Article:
Television Review: “Freeridge” — A Winning “On My Block” Spin-Off

By Sarah Osman

Quirky and heartfelt, Freeridge is sure to please fans of On My Block as well as to make new viewers aware of the multicultural merits of the inner-city of Los Angeles.

A scene from Netflick’s Freeridge.

On My Block, which wrapped its fourth and final season on Netflix in 2021, stood out among the seemingly endless barrage of teen shows. The cast and characters were composed solely of people of color. The actors looked like actual teenagers. They didn’t live in Beverly Hills; they lived in Freeridge, a fictional inner-city neighborhood in Los Angeles. While some of the plots felt a little far-fetched, others reflected a recognizable reality: one character became ensnared in gang activity, another was forced to relocate to L.A. after her parents were deported. The series also benefited from a touch of magic realism, a tradition in Latino storytelling.

When the creators of On My Block announced that there would be an On My Block spin-off I was skeptical. Would a new series have the same virtues as its predecessor? Well, to my delight, Freeridge takes a different tack but it is just as strong as On My Block. And, unlike many spin-offs, Freeridge stands entirely on its own (although there are plenty of fun On My Block Easter eggs sprinkled throughout).

Freeridge follows a new quartet of teens: Gloria (Keyla Monterroso Mejia), the assertive leader of the group; her free-spirit sister and the bane of Gloria’s existence, Ines (Bryana Salaz); their witchy friend, Demi (Ciera Riley Wilson); and Cameron (Tenzing Norgay Traino), who can’t get up the nerve to break up with his boyfriend, Andre (Zaire Adams). Their lives are turned upside down after Cameron buys a mysterious box and gives it to Andre in the hopes that he will dump him over “the worst gift ever.” Andre doesn’t, and the group is cursed by the offering.

Tonally, Freeridge differs from On My Block. The original series had plenty of humor, but in Freeridge jokes fly every minute. There are plenty of spot-on one-liners and running gags, such as the fact that Gloria’s crush once starred on a children’s show with a “manotaur.” So this group’s problems are far less serious than what the crew had to grapple with in On My Block. Gloria and Ines get into a nasty fight, but, based on their principal’s reaction, this is an everyday occurrence. And despite all their bickering, the two sisters support one another when the chips are down — this is an endearing and closely observed depiction of sisterly love. Cameron has been attracted to Demi for a long time, but he hasn’t forgiven her for saying she couldn’t be with a bi guy (a comment she made when she was 12). And, of course, there is dealing with the curse: they go to extreme lengths to undo it. From visiting a stoned and bored bruja to unintentionally starting a fight between Ruby’s (remember him?) parents, their attempts to end their bad luck inspires some of the funniest moments in the series.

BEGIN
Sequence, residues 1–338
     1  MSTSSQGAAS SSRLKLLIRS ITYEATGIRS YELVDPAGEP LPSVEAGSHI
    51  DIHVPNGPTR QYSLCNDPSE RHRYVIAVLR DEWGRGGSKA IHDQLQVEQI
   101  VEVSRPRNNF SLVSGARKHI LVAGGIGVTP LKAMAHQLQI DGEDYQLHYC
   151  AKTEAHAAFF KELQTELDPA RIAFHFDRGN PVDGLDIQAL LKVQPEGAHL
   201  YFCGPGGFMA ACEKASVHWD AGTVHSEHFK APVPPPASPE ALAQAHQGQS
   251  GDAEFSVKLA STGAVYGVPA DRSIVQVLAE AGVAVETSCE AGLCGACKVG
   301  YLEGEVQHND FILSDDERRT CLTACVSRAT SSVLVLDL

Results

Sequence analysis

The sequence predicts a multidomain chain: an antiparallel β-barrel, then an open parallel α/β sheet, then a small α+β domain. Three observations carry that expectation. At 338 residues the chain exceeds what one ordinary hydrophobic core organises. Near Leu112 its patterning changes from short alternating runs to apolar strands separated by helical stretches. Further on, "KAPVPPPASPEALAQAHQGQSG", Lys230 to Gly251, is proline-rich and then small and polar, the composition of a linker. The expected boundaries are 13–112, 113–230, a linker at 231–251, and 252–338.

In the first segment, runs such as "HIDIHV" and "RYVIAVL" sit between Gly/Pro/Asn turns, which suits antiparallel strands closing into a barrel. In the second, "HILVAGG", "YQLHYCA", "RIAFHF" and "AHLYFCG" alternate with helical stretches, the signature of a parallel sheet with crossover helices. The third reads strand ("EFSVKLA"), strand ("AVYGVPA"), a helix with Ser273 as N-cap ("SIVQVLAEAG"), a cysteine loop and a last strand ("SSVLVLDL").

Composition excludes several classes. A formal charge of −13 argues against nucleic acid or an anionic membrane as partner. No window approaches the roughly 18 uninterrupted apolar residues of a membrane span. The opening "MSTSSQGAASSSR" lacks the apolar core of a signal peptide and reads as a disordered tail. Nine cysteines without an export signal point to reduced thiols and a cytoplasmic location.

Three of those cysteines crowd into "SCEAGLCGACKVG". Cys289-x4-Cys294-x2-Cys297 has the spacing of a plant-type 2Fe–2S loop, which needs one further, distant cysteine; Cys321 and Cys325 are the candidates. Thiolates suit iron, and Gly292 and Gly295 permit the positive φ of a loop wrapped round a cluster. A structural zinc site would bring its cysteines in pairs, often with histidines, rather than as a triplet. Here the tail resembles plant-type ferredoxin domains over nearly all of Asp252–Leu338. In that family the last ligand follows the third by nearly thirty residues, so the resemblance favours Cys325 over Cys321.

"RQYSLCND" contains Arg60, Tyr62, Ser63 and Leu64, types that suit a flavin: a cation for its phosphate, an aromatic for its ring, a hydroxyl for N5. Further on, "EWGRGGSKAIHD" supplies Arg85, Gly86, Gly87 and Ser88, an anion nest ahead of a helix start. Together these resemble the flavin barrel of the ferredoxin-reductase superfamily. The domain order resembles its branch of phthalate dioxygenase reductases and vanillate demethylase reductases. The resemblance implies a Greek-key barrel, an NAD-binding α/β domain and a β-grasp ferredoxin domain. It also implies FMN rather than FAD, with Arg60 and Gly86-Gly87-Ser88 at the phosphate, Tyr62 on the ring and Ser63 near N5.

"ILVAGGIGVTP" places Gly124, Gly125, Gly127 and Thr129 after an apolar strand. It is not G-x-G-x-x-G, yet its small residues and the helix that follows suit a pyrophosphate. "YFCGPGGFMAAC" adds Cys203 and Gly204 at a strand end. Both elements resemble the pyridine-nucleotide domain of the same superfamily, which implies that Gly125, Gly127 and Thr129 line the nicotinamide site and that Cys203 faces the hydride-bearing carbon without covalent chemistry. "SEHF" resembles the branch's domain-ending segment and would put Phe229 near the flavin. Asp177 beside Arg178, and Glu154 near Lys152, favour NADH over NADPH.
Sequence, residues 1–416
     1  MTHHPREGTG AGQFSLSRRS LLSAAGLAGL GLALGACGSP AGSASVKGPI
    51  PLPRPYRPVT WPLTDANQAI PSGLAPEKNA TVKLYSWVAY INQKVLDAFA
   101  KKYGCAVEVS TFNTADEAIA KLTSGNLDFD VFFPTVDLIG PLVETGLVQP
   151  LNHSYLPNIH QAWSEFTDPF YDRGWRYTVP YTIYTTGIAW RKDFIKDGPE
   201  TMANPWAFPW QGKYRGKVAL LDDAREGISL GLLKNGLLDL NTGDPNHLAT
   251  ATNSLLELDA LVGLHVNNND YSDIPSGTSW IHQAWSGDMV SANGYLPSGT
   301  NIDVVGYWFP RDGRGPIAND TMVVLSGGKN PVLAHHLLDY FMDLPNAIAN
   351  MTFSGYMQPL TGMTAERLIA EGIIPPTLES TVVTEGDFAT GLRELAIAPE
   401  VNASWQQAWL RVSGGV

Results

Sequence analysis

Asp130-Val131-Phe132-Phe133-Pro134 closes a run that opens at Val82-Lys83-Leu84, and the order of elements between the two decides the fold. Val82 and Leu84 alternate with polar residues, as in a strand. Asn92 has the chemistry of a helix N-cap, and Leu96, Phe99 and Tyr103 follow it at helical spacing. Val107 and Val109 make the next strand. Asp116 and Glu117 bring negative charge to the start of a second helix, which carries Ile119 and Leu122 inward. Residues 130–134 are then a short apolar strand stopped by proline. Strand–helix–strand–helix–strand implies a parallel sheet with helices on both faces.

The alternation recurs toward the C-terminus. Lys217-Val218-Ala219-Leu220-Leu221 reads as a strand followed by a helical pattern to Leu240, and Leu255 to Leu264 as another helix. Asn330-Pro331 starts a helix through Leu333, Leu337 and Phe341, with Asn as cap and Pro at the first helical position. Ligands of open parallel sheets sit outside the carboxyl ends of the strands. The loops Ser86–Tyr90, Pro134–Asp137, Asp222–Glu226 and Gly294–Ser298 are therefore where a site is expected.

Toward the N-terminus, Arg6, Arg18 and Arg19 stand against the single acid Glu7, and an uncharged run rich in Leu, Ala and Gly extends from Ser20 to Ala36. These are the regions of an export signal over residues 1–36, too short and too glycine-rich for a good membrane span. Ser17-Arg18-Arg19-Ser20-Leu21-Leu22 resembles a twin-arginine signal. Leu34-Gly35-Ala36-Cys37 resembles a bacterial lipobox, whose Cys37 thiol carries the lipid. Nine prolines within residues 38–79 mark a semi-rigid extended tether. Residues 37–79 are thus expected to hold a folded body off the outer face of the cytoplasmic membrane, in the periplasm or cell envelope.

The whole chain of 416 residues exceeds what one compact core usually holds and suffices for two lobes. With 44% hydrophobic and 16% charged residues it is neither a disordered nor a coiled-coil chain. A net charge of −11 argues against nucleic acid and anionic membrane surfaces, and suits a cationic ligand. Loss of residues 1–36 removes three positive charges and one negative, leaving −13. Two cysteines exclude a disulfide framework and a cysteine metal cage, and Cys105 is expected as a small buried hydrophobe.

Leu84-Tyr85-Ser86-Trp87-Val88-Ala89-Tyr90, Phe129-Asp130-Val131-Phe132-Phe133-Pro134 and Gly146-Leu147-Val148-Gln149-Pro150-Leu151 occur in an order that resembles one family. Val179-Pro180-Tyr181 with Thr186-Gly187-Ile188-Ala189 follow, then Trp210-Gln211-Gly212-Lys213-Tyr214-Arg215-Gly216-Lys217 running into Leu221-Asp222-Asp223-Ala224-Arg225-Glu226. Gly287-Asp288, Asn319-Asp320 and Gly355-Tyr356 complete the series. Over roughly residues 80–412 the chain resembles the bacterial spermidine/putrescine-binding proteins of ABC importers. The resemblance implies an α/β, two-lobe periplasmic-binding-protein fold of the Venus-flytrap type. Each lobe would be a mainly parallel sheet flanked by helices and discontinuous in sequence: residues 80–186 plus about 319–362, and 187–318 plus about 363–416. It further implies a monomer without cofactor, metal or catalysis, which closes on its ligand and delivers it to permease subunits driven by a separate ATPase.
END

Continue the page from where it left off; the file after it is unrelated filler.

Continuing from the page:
Still, despite its light tone, Freeridge doesn’t entirely shy away from the difficulties of life. Gloria and Ines both grieve for their mother in different ways; Ines breaks down at a Halloween party while Gloria visits her on Dia de los Muertos. Along with their uncle Tonio (J.R. Villareal, a scene stealer in his own right), the sisters struggle to come to terms with their father’s cancer. Their reactions are visceral but not over-the-top, a welcome change from other series that navigate illness with far more melodrama.

Quirky and heartfelt, Freeridge is sure to please fans of On My Block as well as to make more viewers aware of the multicultural merits of the inner-city of Los Angeles. Sadly, On My Block never generated the ratings that other Netflix teen fare has. Hopefully, this admirable spin-off will succeed.

Sarah Mina Osman is a writer residing in Wilmington, NC. In addition to writing for the Arts Fuse, she has written for Watercooler HQ, Huffington Post, HelloGiggles, Young Hollywood, and Matador Network, among other sites. Her work was included in the anthology Fury: Women’s Lived Experiences in the Trump Era. She is currently a first year fiction MFA candidate at the University of North Carolina Wilmington. When she’s not writing, she’s dancing, watching movies, traveling, or eating. She has a deep appreciation for sloths and tacos. You can keep up with her on Twitter and Instagram: @SarahMinaOsman

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